Adult children are paying up to hundreds of thousands of dollars to help fund their parents into aged care, a trend that is expected to accelerate, the Australian Financial Review reports.
Financial advisers report a rising incidence of individuals in their 50s and 60s paying tens of thousands of dollars a year to supplement ongoing aged care costs on behalf of their parents, or hundreds of thousands of dollars to help meet up-front accommodation costs.
Although in many cases the money will be returned through the parents’ estate, the extra burden is being incurred at a highly stressful period for the family – and at a time when the adult children themselves may face lower pension payments and reduced returns on their investments.
“The financial implications of aged care come as a huge shock. Forward planning in aged care is such a rare thing,” said Drew Potts, a senior adviser at Western Pacific Financial Group in Adelaide.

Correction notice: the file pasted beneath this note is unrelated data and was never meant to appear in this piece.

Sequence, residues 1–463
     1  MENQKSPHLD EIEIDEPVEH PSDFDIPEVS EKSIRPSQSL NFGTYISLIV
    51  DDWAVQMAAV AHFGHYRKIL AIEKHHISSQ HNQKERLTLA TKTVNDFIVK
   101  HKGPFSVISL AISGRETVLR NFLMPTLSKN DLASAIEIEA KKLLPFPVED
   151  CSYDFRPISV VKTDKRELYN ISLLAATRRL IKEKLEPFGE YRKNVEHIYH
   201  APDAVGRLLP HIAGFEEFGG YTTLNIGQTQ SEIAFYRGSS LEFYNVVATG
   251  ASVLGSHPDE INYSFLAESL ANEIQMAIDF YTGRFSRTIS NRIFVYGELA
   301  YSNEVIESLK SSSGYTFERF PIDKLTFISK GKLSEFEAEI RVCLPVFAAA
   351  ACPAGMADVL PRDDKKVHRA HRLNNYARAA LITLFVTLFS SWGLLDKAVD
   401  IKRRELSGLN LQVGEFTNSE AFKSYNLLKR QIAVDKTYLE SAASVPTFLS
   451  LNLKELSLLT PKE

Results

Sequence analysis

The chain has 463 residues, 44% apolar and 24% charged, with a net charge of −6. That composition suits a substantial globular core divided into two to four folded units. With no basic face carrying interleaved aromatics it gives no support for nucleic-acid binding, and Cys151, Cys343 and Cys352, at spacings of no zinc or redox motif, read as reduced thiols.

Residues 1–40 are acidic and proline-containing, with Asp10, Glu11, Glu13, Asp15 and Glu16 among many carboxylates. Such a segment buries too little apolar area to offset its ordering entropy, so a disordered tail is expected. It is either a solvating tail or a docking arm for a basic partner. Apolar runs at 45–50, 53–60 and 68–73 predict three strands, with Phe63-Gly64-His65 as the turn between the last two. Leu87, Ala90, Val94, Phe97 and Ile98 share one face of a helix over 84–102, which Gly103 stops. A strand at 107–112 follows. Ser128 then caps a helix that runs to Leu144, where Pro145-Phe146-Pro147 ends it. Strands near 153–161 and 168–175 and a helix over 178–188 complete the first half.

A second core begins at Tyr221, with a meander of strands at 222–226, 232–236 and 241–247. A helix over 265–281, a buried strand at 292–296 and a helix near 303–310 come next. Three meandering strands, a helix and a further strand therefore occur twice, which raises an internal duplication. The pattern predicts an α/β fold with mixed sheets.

“It is fraught with danger. A lot of time people don’t see the need for a formal document, but you need a good loan agreement. It is critical you get legal advice,” said Rachel Lane, founder of Aged Care Guru.
“I have seen some horror stories when children try to get the money back through the will,” Ms Lane said.
The rise in aged care costs is blamed partly on higher property prices and construction costs, which are pushing up the cost of accommodation. In Melbourne and Sydney, residents could have to fork out between $1 million and $2 million to cover the room charge upfront. Since a package of reforms was introduced in 2013, all aged care facilities have had the ability to charge for accommodation either upfront or through instalments.
Aged care cost time bomb hits boomers (Australian Financial Review)